Remember : The Velours©2004JCMarion

The street corners and hallways of Brooklyn's Bedford-Stuyvesant section was the breeding ground for many vocal groups of the 1950s. One of the best of these was the group known as The Velours. Formed in 1956 the group consisted of Jerome Ramos who sang lead on most of the group's tunes, tenors Donald Haywood and John Cheetom, baritone Ken Walker (soon replaced by John Pearson), and Charles Moffett who joined the group soon after its founding, who sang bass. After the always necessary honing of harmonies and style, the group went about searching for a shot at a recording contract with the best bet being one of the many neighborhood independent record companies that were so prevalent in the nineteen fifties.

Jerry Winston was a record company entrepreneur, who had a label called Mardi Gras that specialized in Latin music performances. In 1955 he had a huge crossover hit in "Speakup Mambo" by Al Castellanos, and was also branching out in the jazz field. In the spring of 1956 another Castellanos crossover hit "Together 1-2-3" for Winston gave him the confidence to enter the R & B field with a new label called Onyx Records. The one time Brooklyn based company (now located in mid town Manhattan) signed and recorded some local talent including The Chordells, a girl group called The Joyettes, and The Velours. Winston picked the group to feature on the first release by the company and "My Love Come Back" was on the street in June of 1956.The flip side was "Honey Drop" on Onyx #501. Soon after its release, the record gets a "best bet" from Cash Box magazine. Featured on this and all subsequent Onyx releases is the very capable backup band led by one of the best of all New York session men, Sammy Lowe. Another plus is the lead voice of Ramos, who comes across as a strong singer with a dramatic 'sob' in his style. "My Love Come Back" gets good airplay on all New York City radio stations and does well on the sales chart. By early October The Velours join their label mates The Pearls for a week at the Apollo Theater. During the fall months the record continues to sell and late in the year Onyx label head Winston readies the group for their next record release.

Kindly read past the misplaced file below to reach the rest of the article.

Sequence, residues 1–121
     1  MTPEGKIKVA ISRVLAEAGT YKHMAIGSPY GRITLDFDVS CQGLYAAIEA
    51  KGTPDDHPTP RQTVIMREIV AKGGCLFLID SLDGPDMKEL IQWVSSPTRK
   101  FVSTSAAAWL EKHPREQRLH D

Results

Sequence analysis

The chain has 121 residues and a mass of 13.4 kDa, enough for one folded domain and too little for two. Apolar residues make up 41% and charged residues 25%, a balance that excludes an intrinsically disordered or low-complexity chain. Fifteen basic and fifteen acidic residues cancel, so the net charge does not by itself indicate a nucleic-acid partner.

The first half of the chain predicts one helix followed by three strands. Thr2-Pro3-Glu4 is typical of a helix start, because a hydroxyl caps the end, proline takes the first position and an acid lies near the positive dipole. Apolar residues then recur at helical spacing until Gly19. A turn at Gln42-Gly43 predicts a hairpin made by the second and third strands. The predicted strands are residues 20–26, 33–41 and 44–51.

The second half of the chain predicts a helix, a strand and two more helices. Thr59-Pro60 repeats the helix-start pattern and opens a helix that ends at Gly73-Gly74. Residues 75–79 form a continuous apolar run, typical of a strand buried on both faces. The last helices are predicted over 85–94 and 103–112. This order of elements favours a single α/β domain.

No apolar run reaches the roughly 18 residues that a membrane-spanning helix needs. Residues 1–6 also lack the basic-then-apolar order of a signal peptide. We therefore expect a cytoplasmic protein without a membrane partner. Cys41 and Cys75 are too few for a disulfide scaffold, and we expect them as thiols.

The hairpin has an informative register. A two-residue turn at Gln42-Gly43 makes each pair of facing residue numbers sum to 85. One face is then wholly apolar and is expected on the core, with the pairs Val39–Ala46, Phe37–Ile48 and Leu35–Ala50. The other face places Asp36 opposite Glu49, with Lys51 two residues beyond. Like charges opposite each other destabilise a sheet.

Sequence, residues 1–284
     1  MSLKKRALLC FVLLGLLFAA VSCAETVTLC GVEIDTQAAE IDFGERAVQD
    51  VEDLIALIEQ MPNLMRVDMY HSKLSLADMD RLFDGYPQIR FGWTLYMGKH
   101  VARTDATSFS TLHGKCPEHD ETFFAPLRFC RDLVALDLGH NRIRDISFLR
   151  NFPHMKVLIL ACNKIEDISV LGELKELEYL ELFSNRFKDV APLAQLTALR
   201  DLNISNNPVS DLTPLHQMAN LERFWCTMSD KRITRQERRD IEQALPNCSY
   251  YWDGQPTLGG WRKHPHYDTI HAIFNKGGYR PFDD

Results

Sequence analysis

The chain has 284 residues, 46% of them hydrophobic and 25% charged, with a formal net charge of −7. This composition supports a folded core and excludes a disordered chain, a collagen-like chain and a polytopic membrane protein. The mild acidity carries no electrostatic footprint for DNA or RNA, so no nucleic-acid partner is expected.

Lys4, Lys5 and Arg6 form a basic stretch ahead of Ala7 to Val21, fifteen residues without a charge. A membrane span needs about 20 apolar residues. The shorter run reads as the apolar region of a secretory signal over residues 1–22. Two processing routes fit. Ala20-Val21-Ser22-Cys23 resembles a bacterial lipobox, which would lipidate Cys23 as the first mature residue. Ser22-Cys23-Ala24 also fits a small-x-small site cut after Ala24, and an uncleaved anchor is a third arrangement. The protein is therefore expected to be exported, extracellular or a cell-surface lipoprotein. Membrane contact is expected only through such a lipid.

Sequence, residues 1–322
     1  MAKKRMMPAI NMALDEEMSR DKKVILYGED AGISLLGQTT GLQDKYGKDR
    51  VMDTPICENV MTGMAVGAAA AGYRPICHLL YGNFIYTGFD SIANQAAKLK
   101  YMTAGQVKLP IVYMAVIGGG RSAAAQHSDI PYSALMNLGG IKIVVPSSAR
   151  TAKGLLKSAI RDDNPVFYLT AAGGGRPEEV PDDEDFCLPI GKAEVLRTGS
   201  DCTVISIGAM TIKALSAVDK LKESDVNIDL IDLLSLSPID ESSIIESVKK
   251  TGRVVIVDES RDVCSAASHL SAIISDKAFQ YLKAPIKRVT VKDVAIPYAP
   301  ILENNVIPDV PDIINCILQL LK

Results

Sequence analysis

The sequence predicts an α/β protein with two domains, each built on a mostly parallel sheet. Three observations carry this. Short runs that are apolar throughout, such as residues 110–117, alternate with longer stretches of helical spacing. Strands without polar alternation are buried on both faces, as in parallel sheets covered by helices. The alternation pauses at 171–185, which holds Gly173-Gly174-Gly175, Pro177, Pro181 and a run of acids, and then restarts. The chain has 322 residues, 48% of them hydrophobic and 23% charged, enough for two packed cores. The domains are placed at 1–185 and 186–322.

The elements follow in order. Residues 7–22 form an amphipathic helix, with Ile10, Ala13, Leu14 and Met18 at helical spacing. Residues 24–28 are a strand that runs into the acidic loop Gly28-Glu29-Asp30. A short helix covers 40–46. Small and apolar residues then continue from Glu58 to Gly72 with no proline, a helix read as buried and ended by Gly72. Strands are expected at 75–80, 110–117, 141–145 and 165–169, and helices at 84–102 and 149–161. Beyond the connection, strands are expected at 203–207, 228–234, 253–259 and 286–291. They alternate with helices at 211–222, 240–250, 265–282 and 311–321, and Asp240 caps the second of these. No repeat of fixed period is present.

In February of 1957 "Romeo" was released on Onyx #508 and interesting choice of songs because Ramos went by the nickname Romeo and many thought that lent an autobiographical edge to the tune. The flip side of the record released on #508 is "What You Do To Me". This second effort by the group did not do well and so they quickly returned to the studio and worked up a ballad called "Can I Come Over Tonight?". The new tune was out on Onyx #512 in mid May of the year and this time listeners took notice. It was an immediate airplay favorite and a good seller in the Northeast. There were a lot of vocal gymnastics in the delivery including stops, tempo changes, bass voice workouts, and Ramos jumping up to falsetto range on the bridge. Sammy Lowe gives the tune a nice pop song backup and all these features add up to a most unique sound of the time. "Where There's A Will" is the seldom played flip side of record, and The Velours solid comeback gives them wide recognition. They are signed to do a week at the Apollo Theater with Dr. Jive (Tommy Smalls) along with a number of vocal groups such as The Heartbeats, Sensations, Charts, Jesters, Charlie & Ray, and Ann Cole, Donnie Elbert, and Roy Brown. By August the record is starting to sell nationally and is a first for Onyx Records. In September The Velours do some shows in the Midwest with fats Domino in support of their record which is doing well in Chicago and Detroit.